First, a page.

Sri Lanka’s Supreme Court to rule on legality of parliament dissolution

Sri Lanka’s Supreme Court to rule on legality of parliament dissolution

Sri Lanka’s top court will today rule on whether former President Mahinda Rajapaksa legally dissolved the country’s 255-member legislature and

sri linka constitutional crisis

Photo: Getty

Sri Lanka’s top court will today rule on whether former President Mahinda Rajapaksa legally dissolved the country’s 255-member legislature and if he can call snap elections.

Sri Lanka has been mired in a constitutional crisis since October 26, when President Maithripala Sirisena replaced PM Ranil Wickremesinghe with Mr Rajapaksa, who failed to command a majority in parliament and decided to dissolve the body.

On Monday, a Sri Lankan court issued a stay preventing Rajapaska from acting as PM until the court reached a verdict on the constitutional legality of President Sirisena’s actions.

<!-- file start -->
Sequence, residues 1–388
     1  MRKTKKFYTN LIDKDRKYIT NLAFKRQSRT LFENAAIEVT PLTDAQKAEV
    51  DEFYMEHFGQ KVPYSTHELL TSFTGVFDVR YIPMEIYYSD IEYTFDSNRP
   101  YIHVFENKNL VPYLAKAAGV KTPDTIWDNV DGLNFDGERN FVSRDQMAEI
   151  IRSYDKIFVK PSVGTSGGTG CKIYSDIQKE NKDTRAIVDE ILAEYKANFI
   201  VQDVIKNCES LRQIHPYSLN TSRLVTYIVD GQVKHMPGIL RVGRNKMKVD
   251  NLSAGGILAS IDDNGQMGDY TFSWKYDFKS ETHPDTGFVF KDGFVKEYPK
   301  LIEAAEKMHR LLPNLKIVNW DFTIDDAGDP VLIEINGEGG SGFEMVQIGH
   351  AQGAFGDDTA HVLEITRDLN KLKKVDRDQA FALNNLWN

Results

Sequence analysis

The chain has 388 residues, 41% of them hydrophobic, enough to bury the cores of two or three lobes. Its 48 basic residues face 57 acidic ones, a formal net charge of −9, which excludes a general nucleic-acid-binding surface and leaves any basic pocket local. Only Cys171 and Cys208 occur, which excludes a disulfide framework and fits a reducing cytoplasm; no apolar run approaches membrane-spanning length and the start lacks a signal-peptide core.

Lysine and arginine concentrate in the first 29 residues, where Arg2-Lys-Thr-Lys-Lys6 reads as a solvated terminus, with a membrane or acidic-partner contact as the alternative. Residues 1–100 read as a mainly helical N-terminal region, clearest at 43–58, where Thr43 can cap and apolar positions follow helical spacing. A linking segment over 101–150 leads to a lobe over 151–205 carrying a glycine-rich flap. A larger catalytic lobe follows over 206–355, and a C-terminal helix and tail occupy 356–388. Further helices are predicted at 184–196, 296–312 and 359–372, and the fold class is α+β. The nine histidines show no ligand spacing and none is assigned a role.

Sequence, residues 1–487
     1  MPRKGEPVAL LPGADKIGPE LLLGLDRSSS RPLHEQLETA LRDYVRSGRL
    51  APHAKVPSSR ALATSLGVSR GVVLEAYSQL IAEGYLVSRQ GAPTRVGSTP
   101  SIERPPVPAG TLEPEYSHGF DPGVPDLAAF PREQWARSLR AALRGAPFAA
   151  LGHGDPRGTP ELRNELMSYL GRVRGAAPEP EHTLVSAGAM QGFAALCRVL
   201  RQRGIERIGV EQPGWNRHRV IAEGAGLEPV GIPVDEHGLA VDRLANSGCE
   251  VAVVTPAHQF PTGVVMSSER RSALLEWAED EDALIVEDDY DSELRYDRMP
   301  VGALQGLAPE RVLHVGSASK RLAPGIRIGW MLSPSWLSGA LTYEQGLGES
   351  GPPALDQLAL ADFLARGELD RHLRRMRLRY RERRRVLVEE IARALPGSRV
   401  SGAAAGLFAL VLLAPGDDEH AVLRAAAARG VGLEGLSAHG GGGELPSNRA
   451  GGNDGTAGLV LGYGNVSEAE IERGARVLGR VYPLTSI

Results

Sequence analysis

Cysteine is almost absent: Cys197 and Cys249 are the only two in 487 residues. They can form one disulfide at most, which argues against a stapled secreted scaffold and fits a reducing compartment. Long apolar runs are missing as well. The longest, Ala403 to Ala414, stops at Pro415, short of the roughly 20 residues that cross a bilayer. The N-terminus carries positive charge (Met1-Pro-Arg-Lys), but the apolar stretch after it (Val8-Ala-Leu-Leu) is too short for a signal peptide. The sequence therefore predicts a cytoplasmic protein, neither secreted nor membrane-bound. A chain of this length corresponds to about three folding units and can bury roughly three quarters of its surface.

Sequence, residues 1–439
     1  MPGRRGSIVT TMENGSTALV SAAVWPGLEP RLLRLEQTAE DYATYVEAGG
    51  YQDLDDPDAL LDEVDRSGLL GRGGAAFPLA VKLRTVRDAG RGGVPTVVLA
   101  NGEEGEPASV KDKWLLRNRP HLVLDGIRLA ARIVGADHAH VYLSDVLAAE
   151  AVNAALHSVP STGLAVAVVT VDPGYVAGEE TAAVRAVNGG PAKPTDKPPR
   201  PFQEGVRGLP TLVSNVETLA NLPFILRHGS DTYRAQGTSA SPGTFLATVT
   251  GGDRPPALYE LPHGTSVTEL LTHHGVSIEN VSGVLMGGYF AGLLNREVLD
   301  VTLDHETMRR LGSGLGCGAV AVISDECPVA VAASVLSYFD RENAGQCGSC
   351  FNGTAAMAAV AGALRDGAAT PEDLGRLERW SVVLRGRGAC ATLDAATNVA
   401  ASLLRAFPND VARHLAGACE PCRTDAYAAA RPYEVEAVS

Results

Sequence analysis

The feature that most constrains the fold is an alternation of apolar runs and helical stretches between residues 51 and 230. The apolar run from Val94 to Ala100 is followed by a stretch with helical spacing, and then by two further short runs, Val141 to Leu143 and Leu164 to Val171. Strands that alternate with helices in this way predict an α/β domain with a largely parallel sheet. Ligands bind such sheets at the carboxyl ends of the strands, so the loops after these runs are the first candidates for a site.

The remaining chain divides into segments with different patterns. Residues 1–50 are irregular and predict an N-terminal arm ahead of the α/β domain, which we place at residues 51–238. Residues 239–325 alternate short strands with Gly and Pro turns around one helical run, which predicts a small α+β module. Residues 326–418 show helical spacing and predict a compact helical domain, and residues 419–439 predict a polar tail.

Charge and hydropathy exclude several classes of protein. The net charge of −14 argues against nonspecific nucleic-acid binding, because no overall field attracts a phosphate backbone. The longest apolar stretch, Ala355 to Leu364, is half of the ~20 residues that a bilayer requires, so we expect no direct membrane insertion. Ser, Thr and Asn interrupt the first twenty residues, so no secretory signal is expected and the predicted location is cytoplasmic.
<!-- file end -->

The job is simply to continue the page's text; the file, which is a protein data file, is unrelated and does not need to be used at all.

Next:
Investors are concerned that the constitutional crisis will impact the country’s debt repayments. The government remains heavily indebted to China, owing some $15 billion in loans. As long as the crisis continues, the government remains without a cabinet to manage monetary policy. The Central Bank is in sole control of the state debt, but, without direction from policymakers, it is unclear how long Bank leadership will be able to manage said debt. Either way, expect the Sri Lankan economy to suffer from investor uncertainty as long as the crisis continues.

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